, Volume 103, Issue 1, pp 193–198

Recent geologic development of Lake Michigan (U.S.A.)

  • David L. Gross
  • Richard A. Cahill
Part Three: Regional Paleolimnology

DOI: 10.1007/BF00028451

Cite this article as:
Gross, D.L. & Cahill, R.A. Hydrobiologia (1983) 103: 193. doi:10.1007/BF00028451


The stresses placed on Lake Michigan since the advent of industrialization require knowledge of the sedimentology of the whole lake in order to make informed decisions for environmental planning. Sediment accumulation rates are low: areas of the lake receiving the most sediment average only 1 mm a−1; deep-water basins average 0.1 to 0.5 mm a−1; and large areas are not receiving any sediment. Sediment was deposited rapidly (typically 5 mm a−1), in the form of rock flour, during the deglaciation of both Lake Michigan and Lake Superior Basins. Then the rate of accumulation decreased by 80–90% and has remained relatively constant since final deglaciation. Because active sedimentation occurs mostly in the deep water areas of the lake, the sediment remains undisturbed and contains a record of the chemical history of the lake.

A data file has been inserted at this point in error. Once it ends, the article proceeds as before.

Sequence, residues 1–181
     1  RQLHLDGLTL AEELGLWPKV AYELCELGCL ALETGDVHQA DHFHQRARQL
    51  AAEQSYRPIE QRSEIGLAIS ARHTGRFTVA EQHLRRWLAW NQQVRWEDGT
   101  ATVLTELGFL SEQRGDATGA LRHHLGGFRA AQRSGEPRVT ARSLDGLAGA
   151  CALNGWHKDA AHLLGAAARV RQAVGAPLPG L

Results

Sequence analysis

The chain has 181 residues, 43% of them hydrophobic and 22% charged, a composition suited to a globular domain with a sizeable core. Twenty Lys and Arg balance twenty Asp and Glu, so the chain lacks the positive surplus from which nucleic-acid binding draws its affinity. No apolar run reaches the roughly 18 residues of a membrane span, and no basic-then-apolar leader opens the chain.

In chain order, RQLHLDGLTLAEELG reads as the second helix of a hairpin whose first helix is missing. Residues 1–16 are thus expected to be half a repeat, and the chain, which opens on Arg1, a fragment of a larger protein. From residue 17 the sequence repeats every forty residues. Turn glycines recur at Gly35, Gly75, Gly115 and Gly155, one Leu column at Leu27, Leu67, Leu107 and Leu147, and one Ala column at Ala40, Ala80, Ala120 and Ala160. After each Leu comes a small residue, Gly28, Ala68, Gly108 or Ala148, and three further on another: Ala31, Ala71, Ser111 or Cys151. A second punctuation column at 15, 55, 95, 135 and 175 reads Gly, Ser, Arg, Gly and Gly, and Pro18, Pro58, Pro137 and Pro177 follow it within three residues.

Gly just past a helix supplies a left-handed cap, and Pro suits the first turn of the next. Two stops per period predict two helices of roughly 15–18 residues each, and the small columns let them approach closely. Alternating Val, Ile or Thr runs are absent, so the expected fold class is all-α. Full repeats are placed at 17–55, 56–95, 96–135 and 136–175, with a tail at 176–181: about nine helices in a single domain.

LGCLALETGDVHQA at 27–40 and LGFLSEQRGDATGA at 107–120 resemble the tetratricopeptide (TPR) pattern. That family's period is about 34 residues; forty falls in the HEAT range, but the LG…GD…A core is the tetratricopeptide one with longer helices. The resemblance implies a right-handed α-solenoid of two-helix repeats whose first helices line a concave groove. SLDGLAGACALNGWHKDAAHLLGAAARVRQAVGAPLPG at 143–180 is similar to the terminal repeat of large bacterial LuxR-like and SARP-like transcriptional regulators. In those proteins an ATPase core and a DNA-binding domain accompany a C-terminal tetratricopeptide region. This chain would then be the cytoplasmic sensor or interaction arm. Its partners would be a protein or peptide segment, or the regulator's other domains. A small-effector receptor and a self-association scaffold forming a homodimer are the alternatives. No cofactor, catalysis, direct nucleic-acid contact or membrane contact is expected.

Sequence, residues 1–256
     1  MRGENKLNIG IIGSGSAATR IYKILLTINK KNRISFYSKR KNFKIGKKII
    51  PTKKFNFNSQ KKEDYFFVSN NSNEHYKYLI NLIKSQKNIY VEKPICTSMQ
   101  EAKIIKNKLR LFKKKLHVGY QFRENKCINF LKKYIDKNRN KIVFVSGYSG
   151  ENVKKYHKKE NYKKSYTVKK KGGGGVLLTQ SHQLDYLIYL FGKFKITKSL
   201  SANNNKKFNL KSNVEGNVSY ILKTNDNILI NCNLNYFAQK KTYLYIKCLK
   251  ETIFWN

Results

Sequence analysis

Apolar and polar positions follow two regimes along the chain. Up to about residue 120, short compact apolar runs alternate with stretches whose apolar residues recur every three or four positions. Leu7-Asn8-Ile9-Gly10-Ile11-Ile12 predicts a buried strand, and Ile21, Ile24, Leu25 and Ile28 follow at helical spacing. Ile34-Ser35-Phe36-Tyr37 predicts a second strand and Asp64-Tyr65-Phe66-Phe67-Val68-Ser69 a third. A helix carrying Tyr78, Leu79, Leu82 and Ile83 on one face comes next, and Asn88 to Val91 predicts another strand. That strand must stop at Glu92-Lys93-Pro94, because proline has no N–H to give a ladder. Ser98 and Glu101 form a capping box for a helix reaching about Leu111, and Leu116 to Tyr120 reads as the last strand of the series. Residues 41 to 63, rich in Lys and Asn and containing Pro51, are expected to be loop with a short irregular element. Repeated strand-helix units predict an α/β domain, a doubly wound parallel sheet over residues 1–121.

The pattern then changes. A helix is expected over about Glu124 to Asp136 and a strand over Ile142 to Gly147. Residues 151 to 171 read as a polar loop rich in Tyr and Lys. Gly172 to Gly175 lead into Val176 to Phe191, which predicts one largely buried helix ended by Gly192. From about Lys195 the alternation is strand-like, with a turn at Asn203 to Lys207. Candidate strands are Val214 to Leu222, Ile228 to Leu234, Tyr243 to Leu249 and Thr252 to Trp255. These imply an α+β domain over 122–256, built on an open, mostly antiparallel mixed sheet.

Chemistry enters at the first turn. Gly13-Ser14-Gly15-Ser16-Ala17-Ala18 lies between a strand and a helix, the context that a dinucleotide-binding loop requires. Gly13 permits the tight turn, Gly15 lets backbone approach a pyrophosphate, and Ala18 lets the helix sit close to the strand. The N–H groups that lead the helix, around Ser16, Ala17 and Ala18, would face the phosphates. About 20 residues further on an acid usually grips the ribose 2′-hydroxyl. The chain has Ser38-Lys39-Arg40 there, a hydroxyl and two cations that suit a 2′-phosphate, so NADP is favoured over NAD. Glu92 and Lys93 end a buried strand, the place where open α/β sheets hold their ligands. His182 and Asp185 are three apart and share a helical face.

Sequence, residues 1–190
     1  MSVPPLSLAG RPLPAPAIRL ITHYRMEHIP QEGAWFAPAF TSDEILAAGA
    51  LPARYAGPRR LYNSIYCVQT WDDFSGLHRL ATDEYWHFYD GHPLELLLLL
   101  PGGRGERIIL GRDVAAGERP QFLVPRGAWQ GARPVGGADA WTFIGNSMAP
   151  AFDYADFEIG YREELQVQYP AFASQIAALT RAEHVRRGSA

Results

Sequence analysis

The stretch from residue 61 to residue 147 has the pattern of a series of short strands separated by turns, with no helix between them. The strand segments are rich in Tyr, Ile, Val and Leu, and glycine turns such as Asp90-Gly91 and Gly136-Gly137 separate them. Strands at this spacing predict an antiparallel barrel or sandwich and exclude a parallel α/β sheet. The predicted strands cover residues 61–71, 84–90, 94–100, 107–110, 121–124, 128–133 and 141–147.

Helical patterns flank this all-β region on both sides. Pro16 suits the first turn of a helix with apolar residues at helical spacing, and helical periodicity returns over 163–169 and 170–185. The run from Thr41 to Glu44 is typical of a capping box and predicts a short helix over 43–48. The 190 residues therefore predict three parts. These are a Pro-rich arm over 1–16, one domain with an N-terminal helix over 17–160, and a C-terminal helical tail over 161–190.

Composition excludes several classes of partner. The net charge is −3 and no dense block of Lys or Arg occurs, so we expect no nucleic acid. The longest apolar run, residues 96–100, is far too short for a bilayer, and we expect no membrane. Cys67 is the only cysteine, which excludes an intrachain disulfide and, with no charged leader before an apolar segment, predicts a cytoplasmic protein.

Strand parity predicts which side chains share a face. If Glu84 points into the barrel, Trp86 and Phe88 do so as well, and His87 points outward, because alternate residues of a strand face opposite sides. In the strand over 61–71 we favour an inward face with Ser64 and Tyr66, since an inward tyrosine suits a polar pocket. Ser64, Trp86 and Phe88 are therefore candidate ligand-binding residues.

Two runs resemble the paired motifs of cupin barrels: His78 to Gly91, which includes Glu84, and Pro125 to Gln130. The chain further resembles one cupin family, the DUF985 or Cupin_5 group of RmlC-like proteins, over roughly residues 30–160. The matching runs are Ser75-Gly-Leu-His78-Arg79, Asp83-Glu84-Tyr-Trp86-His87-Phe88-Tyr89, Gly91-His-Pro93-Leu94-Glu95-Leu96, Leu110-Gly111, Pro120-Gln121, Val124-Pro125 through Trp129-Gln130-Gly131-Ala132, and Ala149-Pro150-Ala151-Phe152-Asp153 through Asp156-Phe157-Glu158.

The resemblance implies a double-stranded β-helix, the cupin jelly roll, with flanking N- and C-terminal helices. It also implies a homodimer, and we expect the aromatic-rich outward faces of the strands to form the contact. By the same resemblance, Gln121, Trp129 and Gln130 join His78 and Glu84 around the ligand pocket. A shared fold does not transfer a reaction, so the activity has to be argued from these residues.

paleolimnologyLake MichigangeochemistrystratigraphyQuaternarytrace elements

Copyright information

© Dr W. Junk Publishers 1983

Authors and Affiliations

  • David L. Gross
    • 1
  • Richard A. Cahill
    • 1
  1. 1.Illinois Department of Energy and Natural Resources, State Geological Survey DivisionChampaignU.S.A.